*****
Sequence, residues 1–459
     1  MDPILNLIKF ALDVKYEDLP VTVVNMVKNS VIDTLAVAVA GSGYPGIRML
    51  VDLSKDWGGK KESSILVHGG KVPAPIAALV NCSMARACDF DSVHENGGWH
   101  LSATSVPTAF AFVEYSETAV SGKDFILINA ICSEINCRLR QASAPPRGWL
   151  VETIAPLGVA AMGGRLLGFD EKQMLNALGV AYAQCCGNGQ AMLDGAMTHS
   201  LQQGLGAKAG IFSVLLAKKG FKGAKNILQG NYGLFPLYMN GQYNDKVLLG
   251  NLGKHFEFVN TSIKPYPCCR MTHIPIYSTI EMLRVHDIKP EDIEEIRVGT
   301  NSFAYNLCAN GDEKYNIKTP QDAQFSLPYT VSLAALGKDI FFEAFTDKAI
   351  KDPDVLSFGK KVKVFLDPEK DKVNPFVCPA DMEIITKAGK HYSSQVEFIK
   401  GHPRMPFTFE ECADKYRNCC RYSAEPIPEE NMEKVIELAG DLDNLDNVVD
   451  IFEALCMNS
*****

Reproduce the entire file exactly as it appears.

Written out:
Sequence, residues 1–459
     1  MDPILNLIKF ALDVKYEDLP VTVVNMVKNS VIDTLAVAVA GSGYPGIRML
    51  VDLSKDWGGK KESSILVHGG KVPAPIAALV NCSMARACDF DSVHENGGWH
   101  LSATSVPTAF AFVEYSETAV SGKDFILINA ICSEINCRLR QASAPPRGWL
   151  VETIAPLGVA AMGGRLLGFD EKQMLNALGV AYAQCCGNGQ AMLDGAMTHS
   201  LQQGLGAKAG IFSVLLAKKG FKGAKNILQG NYGLFPLYMN GQYNDKVLLG
   251  NLGKHFEFVN TSIKPYPCCR MTHIPIYSTI EMLRVHDIKP EDIEEIRVGT
   301  NSFAYNLCAN GDEKYNIKTP QDAQFSLPYT VSLAALGKDI FFEAFTDKAI
   351  KDPDVLSFGK KVKVFLDPEK DKVNPFVCPA DMEIITKAGK HYSSQVEFIK
   401  GHPRMPFTFE ECADKYRNCC RYSAEPIPEE NMEKVIELAG DLDNLDNVVD
   451  IFEALCMNS